Thursday, June 07, 2007
Blogger Interviews: Bethlehem Shoals
We're running a segment here at The Big Picture where we'll interview some of the biggest names in the sports blogosphere. What's the point? Well, these guys spend countless, thankless hours writing, so a little recognition from time to time is well warranted. Think of this as the blogger's version of a reach-around or something.
Tonight's Game 1 of the NBA Finals, so who better to join us today than Bethlehem Shoals? Shoals is the brilliant mind behind FreeDarko and also blogs at The FanHouse. His recently-launched Longform Shoals columns are a must-read. Let's get in the mood of the Championship series and have some NBA fun today. The comment section is the Detroit Pistons defense. You are Bron Bron. Play ball.
1. The rundown:
Name: Bethlehem Shoals
Location: Houston, TX
Favorite team: Washington Wizards
Links to your favorite all-time posts you've written. (3-5)
He Broke the Book on Knights
The Crown Is Dead, Long Live the King
What Dads Are Like
222 Full Clips
Time per day spent blogging and perusing the blogosphere: 6-7 hours
2. Take us through a typical day of blogging.
Wake up around 7:15 CST (being one hour behind is an occupational hazard), make coffee. Wait for my girlfriend to leave so I can turn on A&E's acclaimed daytime true crime line-up. Check my RSS feeds and skim the rumor pages. Then, it depends on whether I'm doing a Longform or messing with short items for the Haus. If it's a column, I hammer out a draft, then build with John Ness to get a final edit worked out. By the time the Law and Order shows up on TNT, I'm usually freed up to put some serious elbow grease into a FreeDarko post.
Otherwise, I'm frantically trying to get a decent number of small posts together while finding time to do my FD duty. That usually involves re-reading the rumor pages, getting a little deeper into the blogosphere, and scouring YouTube for worthy material.
For some reason, I don't take a shower until all my writing is done. This despite the fact that showering wakes me up more than caffeine, and being grimy demoralizes me more than anything.
3. After LeBron more or less saved the playoffs, this might be a moot point. But before Game Five, the playoffs were considered a dud. In one of the best posts we've read in a while, you said how even the Lottery was more exciting than most games. This year's playoffs had the thrill of the Warriors, the upset factor and plenty of stars (early on anyway). Three-parter: 1.) Why exactly then are these playoffs -- even with LeBron's gem -- such a failure? 2.) Haven't then most NBA Playoffs post Jordan been weak? 3.) How can the playoffs, in future years, be improved?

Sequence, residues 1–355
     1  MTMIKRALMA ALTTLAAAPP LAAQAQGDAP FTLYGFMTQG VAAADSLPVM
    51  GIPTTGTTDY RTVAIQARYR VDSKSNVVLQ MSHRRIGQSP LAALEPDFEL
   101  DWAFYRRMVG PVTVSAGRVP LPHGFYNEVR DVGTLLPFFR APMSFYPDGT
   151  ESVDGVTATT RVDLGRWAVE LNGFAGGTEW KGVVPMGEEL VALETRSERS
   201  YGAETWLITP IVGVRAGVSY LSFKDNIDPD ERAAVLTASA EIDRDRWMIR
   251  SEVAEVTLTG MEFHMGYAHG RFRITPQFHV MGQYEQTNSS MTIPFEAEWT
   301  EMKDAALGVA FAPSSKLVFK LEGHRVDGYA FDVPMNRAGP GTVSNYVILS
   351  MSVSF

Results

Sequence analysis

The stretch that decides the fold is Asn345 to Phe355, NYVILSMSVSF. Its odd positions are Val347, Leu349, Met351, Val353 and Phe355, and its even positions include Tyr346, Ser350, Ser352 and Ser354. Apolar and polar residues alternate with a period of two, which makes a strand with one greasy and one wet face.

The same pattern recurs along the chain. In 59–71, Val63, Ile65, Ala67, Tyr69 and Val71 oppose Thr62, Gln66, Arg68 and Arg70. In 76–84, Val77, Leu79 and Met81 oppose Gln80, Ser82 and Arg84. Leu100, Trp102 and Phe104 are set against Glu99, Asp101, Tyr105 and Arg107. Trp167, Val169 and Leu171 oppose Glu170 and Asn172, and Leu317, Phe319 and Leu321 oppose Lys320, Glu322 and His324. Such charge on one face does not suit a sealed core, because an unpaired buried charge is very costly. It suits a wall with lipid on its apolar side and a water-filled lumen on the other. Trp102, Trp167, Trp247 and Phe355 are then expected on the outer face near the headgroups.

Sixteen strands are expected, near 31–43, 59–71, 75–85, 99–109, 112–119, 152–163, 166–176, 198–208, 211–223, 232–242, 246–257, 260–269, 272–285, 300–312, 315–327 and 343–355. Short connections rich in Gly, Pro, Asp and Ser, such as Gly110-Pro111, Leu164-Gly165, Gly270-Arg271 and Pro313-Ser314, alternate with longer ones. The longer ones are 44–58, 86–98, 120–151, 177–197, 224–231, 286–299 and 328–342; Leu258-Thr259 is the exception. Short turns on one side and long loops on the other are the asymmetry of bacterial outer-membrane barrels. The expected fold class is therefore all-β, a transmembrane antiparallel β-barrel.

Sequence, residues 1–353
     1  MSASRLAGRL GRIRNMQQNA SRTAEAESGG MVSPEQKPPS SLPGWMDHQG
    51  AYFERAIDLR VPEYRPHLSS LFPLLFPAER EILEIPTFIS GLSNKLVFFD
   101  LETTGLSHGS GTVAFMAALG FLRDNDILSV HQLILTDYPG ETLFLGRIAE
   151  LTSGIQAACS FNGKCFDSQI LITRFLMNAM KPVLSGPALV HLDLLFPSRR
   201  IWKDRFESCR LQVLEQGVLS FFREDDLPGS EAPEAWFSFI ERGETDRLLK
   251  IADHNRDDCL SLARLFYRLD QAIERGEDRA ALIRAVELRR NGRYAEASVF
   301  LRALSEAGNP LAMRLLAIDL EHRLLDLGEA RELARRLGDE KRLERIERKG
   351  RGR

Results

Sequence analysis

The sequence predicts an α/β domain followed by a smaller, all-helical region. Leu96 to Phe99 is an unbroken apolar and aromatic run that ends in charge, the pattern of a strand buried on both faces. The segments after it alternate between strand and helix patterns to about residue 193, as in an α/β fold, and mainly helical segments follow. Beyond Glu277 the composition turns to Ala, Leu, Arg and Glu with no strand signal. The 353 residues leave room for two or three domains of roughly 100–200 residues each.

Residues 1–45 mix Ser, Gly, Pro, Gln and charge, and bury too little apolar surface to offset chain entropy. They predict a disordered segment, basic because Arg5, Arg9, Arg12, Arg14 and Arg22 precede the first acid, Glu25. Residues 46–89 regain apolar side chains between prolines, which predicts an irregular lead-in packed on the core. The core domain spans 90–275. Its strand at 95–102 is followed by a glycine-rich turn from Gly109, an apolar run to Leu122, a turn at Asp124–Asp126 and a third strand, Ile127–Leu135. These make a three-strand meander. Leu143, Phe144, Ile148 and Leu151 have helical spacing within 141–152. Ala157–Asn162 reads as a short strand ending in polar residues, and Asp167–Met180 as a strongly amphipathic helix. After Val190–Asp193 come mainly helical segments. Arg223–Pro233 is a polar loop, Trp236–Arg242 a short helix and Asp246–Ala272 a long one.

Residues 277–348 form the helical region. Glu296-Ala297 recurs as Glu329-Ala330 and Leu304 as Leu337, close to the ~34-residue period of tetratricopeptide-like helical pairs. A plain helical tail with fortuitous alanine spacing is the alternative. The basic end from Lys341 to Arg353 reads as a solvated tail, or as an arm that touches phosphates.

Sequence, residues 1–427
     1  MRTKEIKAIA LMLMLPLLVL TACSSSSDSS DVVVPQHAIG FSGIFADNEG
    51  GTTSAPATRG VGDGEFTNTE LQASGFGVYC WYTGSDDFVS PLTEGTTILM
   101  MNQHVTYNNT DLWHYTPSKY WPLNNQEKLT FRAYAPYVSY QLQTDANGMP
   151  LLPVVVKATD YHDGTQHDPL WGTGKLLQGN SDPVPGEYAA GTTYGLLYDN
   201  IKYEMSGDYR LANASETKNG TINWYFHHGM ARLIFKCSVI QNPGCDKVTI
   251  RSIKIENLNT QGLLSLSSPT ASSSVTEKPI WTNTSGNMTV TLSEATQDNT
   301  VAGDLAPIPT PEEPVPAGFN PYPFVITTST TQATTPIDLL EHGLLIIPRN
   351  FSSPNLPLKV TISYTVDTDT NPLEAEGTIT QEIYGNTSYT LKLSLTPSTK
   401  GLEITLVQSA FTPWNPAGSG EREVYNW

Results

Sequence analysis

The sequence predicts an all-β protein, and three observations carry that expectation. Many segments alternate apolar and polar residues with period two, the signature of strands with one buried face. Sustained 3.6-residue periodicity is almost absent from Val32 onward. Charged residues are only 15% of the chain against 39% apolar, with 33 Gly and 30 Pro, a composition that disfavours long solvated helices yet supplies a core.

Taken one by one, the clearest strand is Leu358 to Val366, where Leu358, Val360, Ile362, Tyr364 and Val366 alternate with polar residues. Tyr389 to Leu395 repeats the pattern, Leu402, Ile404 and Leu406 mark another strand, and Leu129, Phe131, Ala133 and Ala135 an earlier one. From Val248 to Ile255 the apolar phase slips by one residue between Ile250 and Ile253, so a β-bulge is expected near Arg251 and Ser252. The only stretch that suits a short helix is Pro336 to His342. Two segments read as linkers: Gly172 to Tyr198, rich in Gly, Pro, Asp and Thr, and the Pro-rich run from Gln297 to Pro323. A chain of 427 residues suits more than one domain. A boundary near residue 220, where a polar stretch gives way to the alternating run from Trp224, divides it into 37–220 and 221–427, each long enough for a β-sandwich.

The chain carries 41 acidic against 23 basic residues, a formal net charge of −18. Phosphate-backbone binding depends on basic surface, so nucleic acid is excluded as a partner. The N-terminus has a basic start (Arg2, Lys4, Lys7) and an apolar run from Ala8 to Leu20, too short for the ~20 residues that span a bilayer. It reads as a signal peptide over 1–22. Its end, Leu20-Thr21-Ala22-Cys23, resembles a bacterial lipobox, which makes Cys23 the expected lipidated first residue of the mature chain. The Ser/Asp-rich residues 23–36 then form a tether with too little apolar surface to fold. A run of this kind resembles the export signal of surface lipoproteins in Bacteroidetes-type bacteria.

Well, for one, few of the stars had a chance of advancing. T-Mac's loss sucked because of all the underlying sadness, but it also was a sign for the playoffs: if McGrady and Yao can't advance, the megastar model might be dead. Or at least on hold for these playoffs. I know that this all sound ridiculous, seeing as LeBron just made the Finals. But he had an eh season, cruised into the Conference Finals, and really only felt like a traditional star for one game and a few quarters. While part of me thinks that this is proof of how unique a player James is, it doesn't exactly satisfy my viewer-lust for commanding figures.
The Warriors fucked everything up, in the same way that the Suns have, at times, made the rest of the league look bad. I said this in a Longform already: they brought the playoffs to an early climax. I don't think this postseason has objectively been absolutely terrible, but only LeBron's GAME had anything on that entire Golden State/Mavs series. Utah is neat, the Suns remained the Suns...I don't know, it just felt like we'd been conditioned to expect too much.
Then again, hindsight is quite different from living through it. Between the Warriors' upset and LeBron self-creation, '07 has given us two super-memorable headlines. That's what we'll remember about it a decade down the road--how much we thrilled at these, not all that disappointed or suffered by comparison. I don't know which vantage point is "right," so let's assume it's something between the two. Or what it means that I think there have been some quality playoffs since Jordan split the second time.